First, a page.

Bonner taekwondo studio expands to offer t’ai chi, general fitness
Rick Grimm hopes to help a whole new group of customers — particularly older adults and seniors — become physically fit, without much stress, strain or even sweat.
T’ai Chi Chuan, often just called t’ai chi, doesn’t require a particular level of physical fitness or coordination or any fancy equipment or clothing, and yet Grimm says most people find it makes them feel younger and healthier and has even helped them recover from injuries. That’s part of why he is now offering it at Grand Master Kim’s Taekwondo & Fitness, 615 E. Front Street.
“I think there’s a great opportunity for people who are not ready to give up on their physical fitness and are ready to learn new things,” Grimm said. “The fact of the matter is you can teach an old dog new tricks, and I think that’s what the motto should be for this class.”
The t’ai chi classes are just one way that the martial arts studio has expanded its offerings in an effort to help more people become healthy and physically fit, which is why the studio recently added “Fitness” to its moniker.
The studio was originally located in Olathe, founded by Grand Master Nam Souk Kim, who retired in 2005. Grimm took over the studio’s operations a year later and, as a Basehor resident, he thought the Bonner Springs and Basehor area was underserved for martial arts. So in 2010, he moved the studio to Bonner, first locating near WalMart and then moving downtown a year later for more space.
With 24 years of experience in martial arts, Grimm knows more than just taekwondo, in which he is a 5th degree black belt. He also has a black belt in hapkido, has studied jujitsu, judo, karate and kung fu, and has 12 years of experience in t’ai chi.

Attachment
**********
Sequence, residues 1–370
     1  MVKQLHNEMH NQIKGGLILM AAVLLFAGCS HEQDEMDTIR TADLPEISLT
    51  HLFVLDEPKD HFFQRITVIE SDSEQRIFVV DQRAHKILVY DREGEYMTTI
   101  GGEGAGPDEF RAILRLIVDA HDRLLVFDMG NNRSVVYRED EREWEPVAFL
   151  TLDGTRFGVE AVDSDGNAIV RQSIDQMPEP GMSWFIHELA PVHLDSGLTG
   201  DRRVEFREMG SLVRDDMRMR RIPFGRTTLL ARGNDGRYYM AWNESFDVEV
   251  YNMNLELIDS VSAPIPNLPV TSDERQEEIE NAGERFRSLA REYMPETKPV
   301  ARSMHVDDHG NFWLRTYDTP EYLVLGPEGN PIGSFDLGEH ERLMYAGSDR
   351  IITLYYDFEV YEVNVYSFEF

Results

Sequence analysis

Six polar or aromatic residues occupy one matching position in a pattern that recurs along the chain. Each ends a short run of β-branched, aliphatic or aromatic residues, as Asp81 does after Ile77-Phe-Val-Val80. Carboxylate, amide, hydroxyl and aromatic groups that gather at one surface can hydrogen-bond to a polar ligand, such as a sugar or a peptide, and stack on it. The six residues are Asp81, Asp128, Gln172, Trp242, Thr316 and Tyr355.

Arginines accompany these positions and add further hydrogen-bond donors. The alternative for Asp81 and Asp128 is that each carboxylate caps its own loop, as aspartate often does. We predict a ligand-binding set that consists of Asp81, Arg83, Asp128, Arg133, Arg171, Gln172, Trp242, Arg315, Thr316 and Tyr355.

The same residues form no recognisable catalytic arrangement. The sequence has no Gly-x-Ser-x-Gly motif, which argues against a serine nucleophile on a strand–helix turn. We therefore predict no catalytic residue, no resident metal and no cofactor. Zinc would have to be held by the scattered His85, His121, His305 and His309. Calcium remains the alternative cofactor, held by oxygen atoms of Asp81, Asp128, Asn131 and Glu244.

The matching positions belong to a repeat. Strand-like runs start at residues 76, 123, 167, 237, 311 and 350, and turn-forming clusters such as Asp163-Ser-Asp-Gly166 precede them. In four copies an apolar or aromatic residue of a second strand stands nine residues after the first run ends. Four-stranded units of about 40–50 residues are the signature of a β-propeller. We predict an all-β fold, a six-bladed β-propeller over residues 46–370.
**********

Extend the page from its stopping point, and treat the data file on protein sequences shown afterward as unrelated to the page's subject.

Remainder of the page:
“When you’re in martial arts for that long, you just eventually get out and try other things as long as you are open-minded and able,” he said.
So he knows first hand a lot of the benefits of t’ai chi, a Chinese martial art and form of stylized, meditative exercise. This makes it good even for people confined to a wheelchair.
“It’s absolutely zero impact, and you can do it sitting down if you need to,” he said.
While students might be uncomfortable at first, Grimm said those who really apply themselves could probably learn at least the short form of t’ai chi — consisting of 24 moves — in 12 classes, giving them a daily 7- to 8-minute “workout.”
Classes are offered at 10:30 a.m. on Tuesdays and Thursdays and at 7:30 p.m. Thursdays.
Grand Master Kim’s now also offers eight-week-long general fitness classes — Rip Core, Fight Corps and 20-Minute Max.
Another area that Grimm would like to see expand is the studio’s Little Dragons program for children 4-6 years old, which Grimm teaches. The classes, 30-minute sessions three times a week, provide a good, structured activity for young children.
“It’s not about being expert martial artists; it’s about taking the fundamentals and what they require, you have to know how to stand properly,” Grimm said, explaining that children learn everything from the difference between right and left to basic, coordinated moves to respect for others. “All the parents say the same thing: They love it. They see a difference in their kids immediately.”
More information about Grand Master Kim’s can be found at http://www.gmktkd.com/, or reach the studio at 913-441-9100.